BioMed Research International

PGCCs Generating Erythrocytes to Form VM Structure Contributes to Tumor Blood Supply


Publishing date
26 Sep 2014
Status
Published
Submission deadline
09 May 2014

Lead Editor

1Department of Pathology, University of Texas, M.D. Anderson Cancer Center, Houston, TX 77030, USA

2Department of Clinical Cancer Prevention, University of Texas, M.D. Anderson Cancer Center, Houston, TX 77030, USA

3Department of Oncology, Nankai University, Tianjin 300121, China

4Department of medical imaging, Tianjin Union Medicine center, Tianjin 300121, China


PGCCs Generating Erythrocytes to Form VM Structure Contributes to Tumor Blood Supply

Description

Polyploid giant cancer cells (PGCCs) refer to the special subpopulation of cancer cells with giant and multinuclei and contribute to solid tumor heterogeneity. However, to date, their functions are poorly understood. PGCCs differ from normal cells (even the tumor cells) in morphology, size, proliferation pattern, expression of differentiation markers, chromosomal abnormalities, tumor formation, radioresistance, and chemoresistance. These PGCCs had remarkable biologic features of cancer stem cells. Neoangiogenesis is the physiological process involving the growth of new blood vessels from preexisting blood vessels. Cancer development usually undergoes an initial period of avascular growth followed by vasculogenic mimicry (VM) that connects with endothelium-dependent vessels to obtain sufficient blood and oxygen supply to support tumor cell growth, invasion, and metastasis. Accumulating evidence has demonstrated that many different types of cancer utilize VM to form a blood supply network to support tumor cell growth, invasion, and metastasis, and are associated with poor prognosis in different cancers. Recently, we have confirmed that PGCCs can generate erythrocytes expressing hemoglobin. Thus, there is no doubt that tumor cells and their generating erythrocytes can form the VM structure to sustain the blood supply for the tumors.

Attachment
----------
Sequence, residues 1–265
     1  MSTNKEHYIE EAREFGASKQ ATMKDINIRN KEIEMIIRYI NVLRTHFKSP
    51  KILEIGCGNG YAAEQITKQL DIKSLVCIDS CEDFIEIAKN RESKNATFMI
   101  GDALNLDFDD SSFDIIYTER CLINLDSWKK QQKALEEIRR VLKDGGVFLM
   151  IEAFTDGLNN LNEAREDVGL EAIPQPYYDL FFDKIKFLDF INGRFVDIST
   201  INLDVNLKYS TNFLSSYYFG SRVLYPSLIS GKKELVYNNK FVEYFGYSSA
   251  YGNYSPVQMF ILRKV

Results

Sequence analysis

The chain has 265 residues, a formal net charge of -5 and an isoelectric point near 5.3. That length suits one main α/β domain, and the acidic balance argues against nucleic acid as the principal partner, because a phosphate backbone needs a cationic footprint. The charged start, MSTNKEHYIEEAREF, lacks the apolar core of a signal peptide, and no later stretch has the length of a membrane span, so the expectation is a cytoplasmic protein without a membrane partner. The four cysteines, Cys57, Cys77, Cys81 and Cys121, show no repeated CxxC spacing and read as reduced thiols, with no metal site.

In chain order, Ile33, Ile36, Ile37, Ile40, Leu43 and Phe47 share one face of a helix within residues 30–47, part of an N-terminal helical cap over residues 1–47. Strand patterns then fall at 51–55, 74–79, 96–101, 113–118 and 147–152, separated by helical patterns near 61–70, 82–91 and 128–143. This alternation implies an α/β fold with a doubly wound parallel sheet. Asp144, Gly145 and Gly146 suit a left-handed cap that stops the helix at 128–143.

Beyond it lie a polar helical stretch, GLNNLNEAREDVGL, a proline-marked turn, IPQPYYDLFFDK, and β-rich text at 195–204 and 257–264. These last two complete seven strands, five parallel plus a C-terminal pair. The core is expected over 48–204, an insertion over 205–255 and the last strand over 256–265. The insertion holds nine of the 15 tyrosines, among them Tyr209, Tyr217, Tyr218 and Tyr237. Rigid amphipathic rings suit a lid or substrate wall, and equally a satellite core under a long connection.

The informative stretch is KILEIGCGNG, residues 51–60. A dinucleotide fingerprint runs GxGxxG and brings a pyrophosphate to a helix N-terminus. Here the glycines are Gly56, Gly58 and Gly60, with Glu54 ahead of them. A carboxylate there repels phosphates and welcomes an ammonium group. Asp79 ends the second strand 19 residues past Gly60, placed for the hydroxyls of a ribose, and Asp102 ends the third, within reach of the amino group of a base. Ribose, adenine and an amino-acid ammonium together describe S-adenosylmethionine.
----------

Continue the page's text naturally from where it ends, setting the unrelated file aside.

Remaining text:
We invite investigators to contribute original research articles as well as review articles that will stimulate the continuing efforts to understand the molecular mechanism of PGCCs formation and PGCCs generating erythrocytes, which leads to the formation of VM. Furthermore, the relationship between VM structures and other tumor blood supply patterns including mosaic vessels and endothelium-dependent vessels needs to be clarified. Potential topics include, but are not limited to:

  • Potential mechanism of PGCCs formation and the influence of PGCCs in radioresistance and chemoresistance
  • Role of histone 1 families in PGCCs formation
  • Pattern of cell division of PGCCs
  • Role of cell fusion in PGCCs formation
  • Epithelial to mesenchymal transition (EMT) and PGCCs
  • The relationship between PGCCs and cancer stem cells
  • Molecular mechanism of PGCCs generating erythrocytes
  • Identifying correlates of PGCCs generating erythrocytes in VM formation
  • The relationship of VM structures and other tumor blood supply patterns
  • New drug discovery inducing the differentiation of PGCCs

Before submission authors should carefully read over the journal's Author Guidelines, which are located at http://www.hindawi.com/journals/bmri/guidelines/. Prospective authors should submit an electronic copy of their complete manuscript through the journal Manuscript Tracking System at http://mts.hindawi.com/submit/journals/bmri/vascular.medicine/pge/ according to the following timetable:


Articles

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BioMed Research International
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